I write these words on a day in late April, the half-gray sky with muted sunshine. The grass is a mild shade of green and the snow has melted, though mini icebergs remain where plows stacked the snow into piles.

April is a season of change; a transition from one extreme to the other. Just as in our lives, we may find something new emerging, something changing, something transitioning, something growing, and something dying. There is always something to remember and something to forget, something to cry about and something to laugh about, something that is buried and something that is resurrected. Spring is hopeful and full of reminders that God is still in charge watching over us; He is the constant of grace and source of hope blanketing this world.

I imagine a spring in the south when my mind conjures up images of spring. In the Upper Midwest, April is still finding its spring legs, while in the South, April is already learning how to walk. In the Midwest, the sky is still visible through mostly bare tree branches, but further south, lacy flowering trees outlined with green fringe obscure the sky.  Most days are sunny in the deep south, but the sunshine is not guaranteed in the much further north. (I wouldn’t be a very good marketing agent for relocation to the Midwest, would I?!)


On this blog, in fact, I documented that on April 4, 2011, we had a hailstorm. But on April 9, 2012, the following year, on Easter Sunday, tulips were blooming a month earlier than usual. Just last year, in 2017, daffodils were already in bloom by now; today, the green stems are perhaps half-grown.

April is a state of unease for me the past couple of years. Perhaps I identify with the spring and winter tussling with each other. Perhaps it is connected with the academic school year, as my kids face the end of a school year and the summer months ahead.  Perhaps I am aware of seasons passing and moving in my own life, as my birthday is approaching in May and I know I am getting older. Perhaps there is more (indeed, there is more). 🙂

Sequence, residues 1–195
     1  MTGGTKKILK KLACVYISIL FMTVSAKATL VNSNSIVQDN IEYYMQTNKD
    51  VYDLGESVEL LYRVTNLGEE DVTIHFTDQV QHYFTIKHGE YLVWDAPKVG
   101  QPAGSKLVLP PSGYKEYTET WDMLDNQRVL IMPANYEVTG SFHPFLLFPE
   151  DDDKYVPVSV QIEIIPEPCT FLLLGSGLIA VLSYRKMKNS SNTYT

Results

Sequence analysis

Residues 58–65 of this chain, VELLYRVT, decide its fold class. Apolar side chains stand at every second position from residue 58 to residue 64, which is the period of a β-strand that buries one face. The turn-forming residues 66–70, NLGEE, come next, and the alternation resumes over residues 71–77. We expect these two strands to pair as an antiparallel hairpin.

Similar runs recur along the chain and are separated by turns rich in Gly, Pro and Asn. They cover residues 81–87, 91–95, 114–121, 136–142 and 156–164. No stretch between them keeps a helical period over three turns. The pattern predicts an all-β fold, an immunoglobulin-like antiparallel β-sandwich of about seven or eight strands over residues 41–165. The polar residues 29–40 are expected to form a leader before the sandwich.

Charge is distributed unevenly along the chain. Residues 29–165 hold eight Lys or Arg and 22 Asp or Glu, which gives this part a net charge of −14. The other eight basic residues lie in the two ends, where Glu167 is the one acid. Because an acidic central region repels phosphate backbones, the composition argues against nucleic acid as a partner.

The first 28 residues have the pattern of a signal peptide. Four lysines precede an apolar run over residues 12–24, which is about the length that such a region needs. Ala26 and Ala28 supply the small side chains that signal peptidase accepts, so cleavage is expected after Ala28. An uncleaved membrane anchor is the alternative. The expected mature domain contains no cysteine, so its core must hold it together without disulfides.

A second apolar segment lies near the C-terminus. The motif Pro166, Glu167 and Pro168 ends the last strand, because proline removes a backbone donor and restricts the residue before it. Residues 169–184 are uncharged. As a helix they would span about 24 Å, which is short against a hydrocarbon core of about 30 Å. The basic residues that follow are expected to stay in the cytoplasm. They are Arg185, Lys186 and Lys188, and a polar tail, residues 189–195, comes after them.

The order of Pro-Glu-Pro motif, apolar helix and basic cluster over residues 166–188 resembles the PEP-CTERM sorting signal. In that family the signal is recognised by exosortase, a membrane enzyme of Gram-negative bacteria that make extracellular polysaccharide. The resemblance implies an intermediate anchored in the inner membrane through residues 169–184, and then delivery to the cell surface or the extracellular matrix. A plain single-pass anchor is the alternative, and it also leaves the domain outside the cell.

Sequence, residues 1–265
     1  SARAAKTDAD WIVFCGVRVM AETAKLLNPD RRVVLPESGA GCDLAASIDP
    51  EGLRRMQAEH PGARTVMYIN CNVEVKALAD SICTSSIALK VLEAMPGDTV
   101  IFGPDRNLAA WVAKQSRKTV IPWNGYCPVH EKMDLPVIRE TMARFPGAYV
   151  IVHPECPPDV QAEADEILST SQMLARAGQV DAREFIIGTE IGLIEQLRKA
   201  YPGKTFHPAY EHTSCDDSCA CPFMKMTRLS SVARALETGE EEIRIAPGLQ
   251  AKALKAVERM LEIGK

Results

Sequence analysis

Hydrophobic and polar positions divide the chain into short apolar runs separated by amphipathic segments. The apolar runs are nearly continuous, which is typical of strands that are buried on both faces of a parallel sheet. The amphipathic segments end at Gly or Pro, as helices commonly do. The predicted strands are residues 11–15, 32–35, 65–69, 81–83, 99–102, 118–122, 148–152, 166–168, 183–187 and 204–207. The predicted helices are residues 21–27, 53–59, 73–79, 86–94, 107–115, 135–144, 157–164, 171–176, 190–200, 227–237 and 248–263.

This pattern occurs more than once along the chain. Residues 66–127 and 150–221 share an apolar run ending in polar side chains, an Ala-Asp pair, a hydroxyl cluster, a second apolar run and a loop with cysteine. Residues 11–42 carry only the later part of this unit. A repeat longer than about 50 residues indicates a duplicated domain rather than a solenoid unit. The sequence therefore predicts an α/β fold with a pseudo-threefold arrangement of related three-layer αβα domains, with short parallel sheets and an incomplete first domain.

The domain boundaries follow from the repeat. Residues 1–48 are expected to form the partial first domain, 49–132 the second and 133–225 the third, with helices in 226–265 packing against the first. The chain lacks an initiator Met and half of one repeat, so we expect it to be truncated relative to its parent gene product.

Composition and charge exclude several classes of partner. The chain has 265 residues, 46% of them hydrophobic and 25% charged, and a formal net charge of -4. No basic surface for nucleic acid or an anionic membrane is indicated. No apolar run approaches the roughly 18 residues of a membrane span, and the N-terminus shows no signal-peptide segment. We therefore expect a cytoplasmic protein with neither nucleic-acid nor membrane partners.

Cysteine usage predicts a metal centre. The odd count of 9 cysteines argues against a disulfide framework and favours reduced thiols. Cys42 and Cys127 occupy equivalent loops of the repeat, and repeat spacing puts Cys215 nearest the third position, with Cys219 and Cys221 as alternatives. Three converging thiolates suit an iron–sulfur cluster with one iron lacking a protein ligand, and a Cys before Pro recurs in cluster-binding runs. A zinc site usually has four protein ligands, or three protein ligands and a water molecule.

I am reminded of this quote:

“God, our hearts are restless ’til they find their rest in you.”  –Augustine

In any season, our hearts will be restless until they find their true rest in the Creator.

Let my teaching fall like rain
    and my words descend like dew,
like showers on new grass,
    like abundant rain on tender plants. – Deuteronomy 32:2



As promised, here are a few poems about spring.



by Gerard Manley Hopkins

Nothing is so beautiful as Spring –
   When weeds, in wheels, shoot long and lovely and lush;
   Thrush’s eggs look little low heavens, and thrush
Through the echoing timber does so rinse and wring
The ear, it strikes like lightnings to hear him sing;
   The glassy peartree leaves and blooms, they brush
   The descending blue; that blue is all in a rush
With richness; the racing lambs too have fair their fling.
What is all this juice and all this joy?
   A strain of the earth’s sweet being in the beginning
In Eden garden. – Have, get, before it cloy,
   Before it cloud, Christ, lord, and sour with sinning,
Innocent mind and Mayday in girl and boy,
   Most, O maid’s child, thy choice and worthy the winning.

My April Lady
By Henry Van Dyke


When down the stair at morning
The sunbeams round her float,
Sweet rivulets of laughter
Are bubbling in her throat;
The gladness of her greeting
Is gold without alloy;
And in the morning sunlight
I think her name is Joy.

When in the evening twilight
The quiet book-room lies,
We read the sad old ballads,
While from her hidden eyes
The tears are falling, falling,
That give her heart relief;
And in the evening twilight,
I think her name is Grief.

My little April lady,
Of sunshine and of showers,
She weaves the old spring magic,
And breaks my heart in flowers!
But when her moods are ended,
She nestles like a dove;
Then, by the pain and rapture,
I know her name is Love.

The Enkindled Spring
by D.H. Lawrence
This spring as it comes bursts up in bonfires green,
Wild puffing of emerald trees, and flame-filled bushes,
Thorn-blossom lifting in wreaths of smoke between
Where the wood fumes up and the watery, flickering rushes.
I am amazed at this spring, this conflagration
Of green fires lit on the soil of the earth, this blaze
Of growing, and sparks that puff in wild gyration,
Faces of people streaming across my gaze.
And I, what fountain of fire am I among
This leaping combustion of spring? My spirit is tossed
About like a shadow buffeted in the throng
Of flames, a shadow that’s gone astray, and is lost.

*All images from pixabay